C++ student finds himself in Grade A career to the United States. Aziz got his start with computers in 2004, when If self-motivation has a face, name he began experiand a voice, it just might belong to menting with the Washtenaw Community College stu- family’s first PC. dent Azzam Aziz. “I just startThe polite and driven 21-year-old ed messing with programming student from Saline is at (the computer),” a point in his career that many would said Aziz. “I had envy, due in no small part to his ex- this curiosity for traordinary motivation and passion things for some Azzam Aziz for his field. reason.” In 2007, Aziz moved with his father, And computer technology helped mother, and two sisters from Jordan to break down a barrier. By DAVID FITCH Staff Writer
“I learned English by playing video games,” said Aziz. “I learned grammar perfectly, but I still have an accent.” WCC instructor Khaled Mansour, one of Aziz’s future mentors, taught Aziz’s first programming class, a course in C++ language. This, according to Aziz, is where his vocational story “really begins.” “I didn’t get enough of the class… The two hours weren’t enough for me,” he said. “I wanted more, so I knew I liked this stuff, and when I came to it I was into computers, I didn’t know where exactly but I started with that
class.” Neil Gudsen, the computer information systems program manager, served as a guiding mentor along the path from the beginning. “I told him, ‘really pour yourself into this thing.’ And boy did he! He really did,” said Gudsen. Aziz continued to teach himself programming, expanding his knowledge to include C# programming language over the following summer.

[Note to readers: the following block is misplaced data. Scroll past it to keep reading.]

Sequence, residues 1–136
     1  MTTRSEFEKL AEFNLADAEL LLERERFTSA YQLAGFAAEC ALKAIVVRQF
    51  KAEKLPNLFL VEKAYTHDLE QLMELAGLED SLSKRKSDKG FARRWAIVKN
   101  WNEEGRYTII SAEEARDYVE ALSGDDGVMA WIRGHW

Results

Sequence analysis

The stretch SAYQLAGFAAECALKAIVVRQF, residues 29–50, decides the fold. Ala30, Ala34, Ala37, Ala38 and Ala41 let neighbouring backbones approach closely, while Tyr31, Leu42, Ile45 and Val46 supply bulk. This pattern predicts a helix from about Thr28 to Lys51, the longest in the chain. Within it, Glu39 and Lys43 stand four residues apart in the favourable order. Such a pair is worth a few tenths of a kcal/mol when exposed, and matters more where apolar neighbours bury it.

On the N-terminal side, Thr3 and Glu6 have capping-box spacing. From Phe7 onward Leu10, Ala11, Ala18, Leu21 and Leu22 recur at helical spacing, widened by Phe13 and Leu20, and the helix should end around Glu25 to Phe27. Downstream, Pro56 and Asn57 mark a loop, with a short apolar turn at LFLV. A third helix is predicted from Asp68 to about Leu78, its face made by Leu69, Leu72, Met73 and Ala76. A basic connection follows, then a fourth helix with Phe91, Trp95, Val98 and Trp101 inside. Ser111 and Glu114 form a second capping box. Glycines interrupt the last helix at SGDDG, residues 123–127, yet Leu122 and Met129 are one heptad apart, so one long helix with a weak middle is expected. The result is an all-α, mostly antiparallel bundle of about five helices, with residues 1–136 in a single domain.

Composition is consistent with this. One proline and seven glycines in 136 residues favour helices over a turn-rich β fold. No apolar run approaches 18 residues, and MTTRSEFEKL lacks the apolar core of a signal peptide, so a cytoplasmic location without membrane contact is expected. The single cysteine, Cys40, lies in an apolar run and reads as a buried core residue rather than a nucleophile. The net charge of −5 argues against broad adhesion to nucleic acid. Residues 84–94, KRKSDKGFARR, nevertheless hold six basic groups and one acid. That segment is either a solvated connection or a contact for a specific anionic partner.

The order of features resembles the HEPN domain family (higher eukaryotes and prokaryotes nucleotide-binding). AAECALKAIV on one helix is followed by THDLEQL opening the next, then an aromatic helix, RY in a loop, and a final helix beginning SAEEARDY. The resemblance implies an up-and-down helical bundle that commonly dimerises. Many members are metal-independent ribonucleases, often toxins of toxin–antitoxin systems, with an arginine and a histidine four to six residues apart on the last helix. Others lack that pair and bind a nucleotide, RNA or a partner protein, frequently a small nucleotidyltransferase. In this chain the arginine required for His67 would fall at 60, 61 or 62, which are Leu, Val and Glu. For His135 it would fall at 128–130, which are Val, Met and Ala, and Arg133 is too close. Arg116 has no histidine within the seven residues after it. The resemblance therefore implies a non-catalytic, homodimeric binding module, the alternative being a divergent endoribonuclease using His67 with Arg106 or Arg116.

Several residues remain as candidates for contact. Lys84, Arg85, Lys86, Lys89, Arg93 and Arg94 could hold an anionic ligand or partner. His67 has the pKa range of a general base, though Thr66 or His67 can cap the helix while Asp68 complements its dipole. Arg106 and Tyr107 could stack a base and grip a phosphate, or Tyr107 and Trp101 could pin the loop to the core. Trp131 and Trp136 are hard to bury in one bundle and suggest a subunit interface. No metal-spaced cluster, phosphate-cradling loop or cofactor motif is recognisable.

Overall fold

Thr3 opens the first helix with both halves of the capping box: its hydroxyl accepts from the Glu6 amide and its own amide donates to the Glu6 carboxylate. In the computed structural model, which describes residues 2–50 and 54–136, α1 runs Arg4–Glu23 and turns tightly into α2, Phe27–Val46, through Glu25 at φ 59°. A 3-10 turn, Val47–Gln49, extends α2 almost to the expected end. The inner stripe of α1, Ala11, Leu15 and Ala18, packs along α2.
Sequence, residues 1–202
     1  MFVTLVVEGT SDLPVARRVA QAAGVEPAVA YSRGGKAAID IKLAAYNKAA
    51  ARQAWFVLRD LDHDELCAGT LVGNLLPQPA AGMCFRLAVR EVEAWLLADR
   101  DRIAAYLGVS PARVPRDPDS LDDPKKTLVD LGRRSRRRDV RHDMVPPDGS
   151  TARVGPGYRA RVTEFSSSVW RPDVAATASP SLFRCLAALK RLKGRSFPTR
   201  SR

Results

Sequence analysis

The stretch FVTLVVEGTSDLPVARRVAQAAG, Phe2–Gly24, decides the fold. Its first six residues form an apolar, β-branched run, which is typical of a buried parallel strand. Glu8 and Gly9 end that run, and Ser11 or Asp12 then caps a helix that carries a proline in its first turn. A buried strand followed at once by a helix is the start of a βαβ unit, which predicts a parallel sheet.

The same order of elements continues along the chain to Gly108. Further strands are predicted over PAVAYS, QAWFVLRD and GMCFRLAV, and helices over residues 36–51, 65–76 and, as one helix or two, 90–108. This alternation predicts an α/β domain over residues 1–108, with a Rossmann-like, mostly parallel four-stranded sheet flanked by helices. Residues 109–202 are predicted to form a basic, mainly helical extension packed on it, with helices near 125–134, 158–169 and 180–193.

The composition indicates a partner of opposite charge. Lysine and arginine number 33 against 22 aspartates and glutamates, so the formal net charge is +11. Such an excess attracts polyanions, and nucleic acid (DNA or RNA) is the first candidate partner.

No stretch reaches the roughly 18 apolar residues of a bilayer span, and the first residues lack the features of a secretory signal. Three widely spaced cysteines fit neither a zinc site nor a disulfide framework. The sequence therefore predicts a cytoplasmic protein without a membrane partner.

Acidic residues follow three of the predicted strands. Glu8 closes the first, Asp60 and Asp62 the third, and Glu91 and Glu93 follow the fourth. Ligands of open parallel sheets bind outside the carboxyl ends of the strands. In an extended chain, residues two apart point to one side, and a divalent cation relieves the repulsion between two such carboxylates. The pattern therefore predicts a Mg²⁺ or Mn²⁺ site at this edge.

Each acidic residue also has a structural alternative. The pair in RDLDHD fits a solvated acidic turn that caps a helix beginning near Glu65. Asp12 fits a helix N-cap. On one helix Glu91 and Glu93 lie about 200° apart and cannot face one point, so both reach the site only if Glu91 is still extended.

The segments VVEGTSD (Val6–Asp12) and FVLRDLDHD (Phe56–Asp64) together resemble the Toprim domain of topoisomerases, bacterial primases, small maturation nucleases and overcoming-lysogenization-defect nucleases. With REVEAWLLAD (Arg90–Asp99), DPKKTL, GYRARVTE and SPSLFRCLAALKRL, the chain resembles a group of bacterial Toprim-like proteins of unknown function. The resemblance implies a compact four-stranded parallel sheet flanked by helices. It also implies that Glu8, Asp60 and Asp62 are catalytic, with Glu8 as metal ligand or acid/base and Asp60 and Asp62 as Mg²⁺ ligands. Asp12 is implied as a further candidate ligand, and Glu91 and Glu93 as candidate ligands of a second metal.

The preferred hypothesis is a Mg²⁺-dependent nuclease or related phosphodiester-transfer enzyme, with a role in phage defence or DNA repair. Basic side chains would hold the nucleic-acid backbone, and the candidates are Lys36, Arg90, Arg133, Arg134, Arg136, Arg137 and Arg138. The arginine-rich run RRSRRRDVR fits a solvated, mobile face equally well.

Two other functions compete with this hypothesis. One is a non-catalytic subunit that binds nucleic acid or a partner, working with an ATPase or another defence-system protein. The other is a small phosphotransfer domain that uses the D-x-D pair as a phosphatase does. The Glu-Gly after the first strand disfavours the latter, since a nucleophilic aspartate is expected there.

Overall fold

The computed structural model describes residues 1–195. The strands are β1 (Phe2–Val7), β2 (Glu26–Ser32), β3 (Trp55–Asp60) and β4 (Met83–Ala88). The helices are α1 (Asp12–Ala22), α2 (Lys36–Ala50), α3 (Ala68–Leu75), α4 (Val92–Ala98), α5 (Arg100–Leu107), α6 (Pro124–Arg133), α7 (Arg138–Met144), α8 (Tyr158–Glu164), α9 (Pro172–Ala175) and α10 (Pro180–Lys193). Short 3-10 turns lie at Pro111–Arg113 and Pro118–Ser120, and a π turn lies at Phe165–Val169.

To learn more about Career Services, go to A6
AZZAM CONTINUED A6
Washtenaw Voice: You seem to wear many hats, according to the job titles beneath your name: Director of Government and Media Relations Department, Foundation. Tell us about the work you do for the college? Jason Morgan: I do wear many hats here. Partially because the work with our local state and federal elected officials impacts every facet of the college. Legislation impacts our students when it comes to student aid, our veterans when it comes to veteran programming, the college’s bottom line when it comes to our budget from the state, when it comes from federal funding through grants. MORGAN Q&A CONTINUED A5
October 21, 2013
The Washtenaw Voice
Walsh grads see a deep, plentiful stream of recurring revenue. Golf is big business globally. Most of the world’s supply of golf balls are made in the United States. Golf manufacturers – like Walsh grads – require prowess in many disciplines including cost accounting, international trade, and marketing. All for a product that gets lost 300,000,000 times a year. Walsh grads see business in everything, and impact great companies everywhere. See more at livebreathebusiness.org/GolfBall. For WCC Express Admissions, visit the Student Center Nov. 11, 11-2 p.m. ®The yellow notebook design is a registered trademark of Walsh College. And the campaign is a creation of Perich Advertising + Design. Thanks to the fine folks at Walsh for letting us say so.